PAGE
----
Role of computing in patient care in two hospitals.
|Title||Role of computing in patient care in two hospitals.|
|Publication Type||Journal Article|
|Year of Publication||1989|
|Authors||Safran C, SLACK WV, Bleich HL|
|Date Published||1989 May-Jun|
|Keywords||Attitude to Computers, Boston, Computer Communication Networks, Computer Systems, Hospital Information Systems, Minicomputers, Software|
This report describes two hospital-wide clinical computing systems that assist physicians, nurses, medical students, and other clinicians in the care of their patients. From any of the video-display terminals located throughout the hospitals (666 at Beth Israel Hospital and 1250 at Brigham and Women's Hospital, both in Boston), clinicians can obtain results from the clinical laboratories; read diagnostic reports from the clinical departments; view lists of medications used during hospitalization and prescriptions filled in the outpatient pharmacy; request delivery of a patient's chart; request consultation on approaches to therapy; perform bibliographic retrieval of the MEDLINE database; and read, write, retract, edit, and forward electronic mail. During a one-week study period, 1737 clinicians at Beth Israel Hospital used one or more of the options in the clinical information system 58,757 times. During the same week, 2262 clinicians at Brigham and Women's Hospital used one or more of their options 89,101 times. The large amount of use by clinicians, who could, if they so desired, rely on printed reports or telephone calls to obtain their clinical information, suggests that a reliable, comprehensive, and easy-to-use computer system can contribute substantially to the quality of patient care.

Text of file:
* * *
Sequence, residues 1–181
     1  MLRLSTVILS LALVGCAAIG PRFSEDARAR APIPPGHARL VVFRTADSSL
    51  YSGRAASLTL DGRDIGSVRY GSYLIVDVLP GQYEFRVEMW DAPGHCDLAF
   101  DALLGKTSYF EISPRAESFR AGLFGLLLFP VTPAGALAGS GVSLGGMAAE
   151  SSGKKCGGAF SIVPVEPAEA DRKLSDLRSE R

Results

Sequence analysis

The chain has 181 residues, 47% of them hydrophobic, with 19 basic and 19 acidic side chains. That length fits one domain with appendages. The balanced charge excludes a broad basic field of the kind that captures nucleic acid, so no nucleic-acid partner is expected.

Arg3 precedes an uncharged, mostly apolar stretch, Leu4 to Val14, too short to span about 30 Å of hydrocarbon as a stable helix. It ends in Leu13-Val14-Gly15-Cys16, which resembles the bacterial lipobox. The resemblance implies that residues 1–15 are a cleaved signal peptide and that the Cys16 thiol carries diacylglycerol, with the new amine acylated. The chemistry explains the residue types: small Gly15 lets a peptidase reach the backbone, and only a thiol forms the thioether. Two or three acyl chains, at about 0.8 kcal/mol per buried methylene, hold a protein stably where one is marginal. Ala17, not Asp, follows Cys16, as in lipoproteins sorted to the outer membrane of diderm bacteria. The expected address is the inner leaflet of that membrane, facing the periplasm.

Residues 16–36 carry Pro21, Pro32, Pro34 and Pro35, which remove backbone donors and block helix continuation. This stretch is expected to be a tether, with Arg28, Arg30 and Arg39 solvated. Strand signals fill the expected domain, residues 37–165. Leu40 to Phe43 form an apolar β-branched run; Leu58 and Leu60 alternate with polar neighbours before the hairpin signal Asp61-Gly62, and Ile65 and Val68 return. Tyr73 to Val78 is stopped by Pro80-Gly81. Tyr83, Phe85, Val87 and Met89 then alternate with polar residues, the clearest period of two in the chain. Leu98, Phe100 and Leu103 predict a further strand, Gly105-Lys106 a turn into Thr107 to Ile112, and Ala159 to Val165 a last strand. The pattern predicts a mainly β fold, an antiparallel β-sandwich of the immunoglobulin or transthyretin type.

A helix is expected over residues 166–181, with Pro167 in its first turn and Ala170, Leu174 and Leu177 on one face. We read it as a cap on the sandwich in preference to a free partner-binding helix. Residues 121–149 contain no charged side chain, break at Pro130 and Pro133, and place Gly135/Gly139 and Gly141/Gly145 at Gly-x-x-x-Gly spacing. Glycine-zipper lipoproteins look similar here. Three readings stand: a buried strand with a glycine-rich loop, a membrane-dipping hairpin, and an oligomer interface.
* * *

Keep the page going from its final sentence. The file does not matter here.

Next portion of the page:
|Alternate Journal||MD Comput|
|Grant List||HS 04050 / HS / AHRQ HHS / United States |
LM 03393 / LM / NLM NIH HHS / United States